In Indonesia, I befriended a student who tutored me in Bahasa Indonesia.  Though the university campus was a 10-minute walk away from my boarding house, he often insisted on picking me up each morning and driving me there.  “You’ll get burnt,” he explained.  But when I pushed for further explanation, it was less about UV rays and more about me no longer looking pretty enough–something that I ungracefully confronted with fruitless hostility.

Between Hakkas and Hokkiens, I heard claims to who was the fairer-skinned people–insinuating the links they had drawn between fair skin and cultural authenticity and civility.  “You can always pick out the Hakkas in a group of tionghua.  They are very fair-skinned,” one young woman explained to me.

It was baffling to me.  This desire for light skin was nothing like what I had been taught by my parents and my grandparents.  Where did it come from?  In college, my classmates and I had done a project on the globalization of beauty standards, focusing on the white colonization of dark skin.  But where the West has begun exoticizing tan skin (emphasis on ‘tan’ as opposed to ‘dark’), I still see overseas Chinese communities valuing those tofu complexions.

Perhaps this is where Han Chinese beauty standards continue to reach overseas Chinese communities (we can argue back and forth over the organic or inorganic Whiteness of these standards).  And when overseas Chinese seek to find beauty in themselves in faraway countries where they form a minority of appearances, perhaps they turn to China for a nod.  Following those beauty trends isn’t just about looking good.  In transnational and diaspora communities, it may mean maintaining connected-ness.

So where does that leave overseas Hakka women?  And furthermore, is that where we should remain?  In Meizhou, Hakka girls seemed to care a bit less about skin color, though desires to look like big-city Chinese girls are certainly present.  Perhaps today’s generation is excited to have the time and luxury of being able to care about their looks.   We could argue that she is exerting her agency to beautify herself and perhaps gain more social mobility.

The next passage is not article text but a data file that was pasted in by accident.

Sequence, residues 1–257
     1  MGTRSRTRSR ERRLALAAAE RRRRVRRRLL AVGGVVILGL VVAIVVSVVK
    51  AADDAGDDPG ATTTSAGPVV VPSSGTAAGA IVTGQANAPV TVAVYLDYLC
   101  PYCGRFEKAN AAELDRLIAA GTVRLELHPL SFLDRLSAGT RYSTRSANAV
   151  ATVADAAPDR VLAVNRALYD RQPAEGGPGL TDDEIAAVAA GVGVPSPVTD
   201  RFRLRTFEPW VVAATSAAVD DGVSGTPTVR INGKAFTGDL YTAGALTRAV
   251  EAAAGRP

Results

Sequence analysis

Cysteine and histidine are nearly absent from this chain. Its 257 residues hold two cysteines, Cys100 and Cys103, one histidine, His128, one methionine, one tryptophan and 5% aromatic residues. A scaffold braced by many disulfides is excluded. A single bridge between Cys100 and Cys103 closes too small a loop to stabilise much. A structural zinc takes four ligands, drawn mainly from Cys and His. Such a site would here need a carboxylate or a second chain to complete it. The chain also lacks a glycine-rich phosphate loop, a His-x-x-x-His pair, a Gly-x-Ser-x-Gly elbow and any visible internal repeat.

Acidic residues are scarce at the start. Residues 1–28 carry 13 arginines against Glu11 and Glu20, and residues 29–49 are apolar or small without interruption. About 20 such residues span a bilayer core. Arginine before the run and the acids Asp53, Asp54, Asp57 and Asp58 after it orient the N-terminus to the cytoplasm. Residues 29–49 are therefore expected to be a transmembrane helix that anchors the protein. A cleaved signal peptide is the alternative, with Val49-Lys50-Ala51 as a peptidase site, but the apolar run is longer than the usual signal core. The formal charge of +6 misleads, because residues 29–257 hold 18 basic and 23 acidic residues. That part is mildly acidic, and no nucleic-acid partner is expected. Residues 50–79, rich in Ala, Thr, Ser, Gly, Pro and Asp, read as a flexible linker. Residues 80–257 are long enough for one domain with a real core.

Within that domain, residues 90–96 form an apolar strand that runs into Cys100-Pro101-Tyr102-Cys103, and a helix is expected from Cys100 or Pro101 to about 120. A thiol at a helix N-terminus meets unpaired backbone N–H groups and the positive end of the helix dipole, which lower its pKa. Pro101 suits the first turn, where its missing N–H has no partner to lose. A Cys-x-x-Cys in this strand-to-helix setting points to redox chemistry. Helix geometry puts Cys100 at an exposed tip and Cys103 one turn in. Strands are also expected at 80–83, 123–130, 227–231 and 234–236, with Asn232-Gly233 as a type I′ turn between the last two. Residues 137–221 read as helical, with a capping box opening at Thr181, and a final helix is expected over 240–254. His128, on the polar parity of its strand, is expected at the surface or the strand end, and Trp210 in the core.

“You look like us.  Your skin is dark, like mine.  Hakka girls aren’t afraid of the sun because they had to work.”

My first week in Mauritius, someone commented that I could be mistaken for a Chinese-Mauritian.  When I asked how one could tell by looking, it came down to my complexion.  I am tan enough to pass as a local girl, unafraid of walking in the sun.

Mauritius has made me feel nostalgic.  90% of the Chinese here are of Hakka descent, and most are Moi-yaners.  We speak the same Moi-yan dialect, we eat our ya-mien the same way (on the dry side), and I hear a familiar philosophy toward dark skin.  In the past, a Hakka woman had always been valued based on the work she produced, and while this system was not perfect, it still made her the agent of her evaluation.  When I ask older generations of Hakka women about their youth and following beauty trends, they scoff–usually because they had bigger problems to worry about.

But there was something more to be admired.  Go back to unbound feet.  Hakka women, even those brought up in well-off households, refused to bind their feet.  Unbound feet meant mobility, and mobility meant venturing beyond the house.  Beauty standards existed, but Hakka women were willing to break them.

My tan lines intensify day by day, but I am reminded that I have a legacy of women before me who were unafraid of venturing into the sun.  I am reminded that to be dark is to be unafraid. I am reminded that if there was something we could learn from tradition, it would be to be unafraid.

Unafraid of what, exactly?  The Hakka community these days often talk about their fear of losing their Chinese-ness.  But a lot of what we know now as Chinese does not always align with what we knew as Hakkas.

This post isn’t just about combating contemporary beauty standards.  It is inextricably linked to the common fear of where we find ourselves on a spectrum of color-driven hierarchies in and out of the Chinese world; and as a result, we impose beauty standards on women to reflect where we hope to stand.  Through embracing darkness, we defy colonial narratives about whiteness and its alleged link to civility.  Through embracing darkness, we remember that Hakkas have traveled far and wide–to Mauritius, Jamaica, Trinidad and Tobago.  We remember that Hakka girls women were ahead of their time in women’s rights.  We remember that culture stands resilient in values, songs and stories rather than our looks or the people we marry.  Through embracing darkness, we stop limiting Hakka girls from becoming the women they want to be.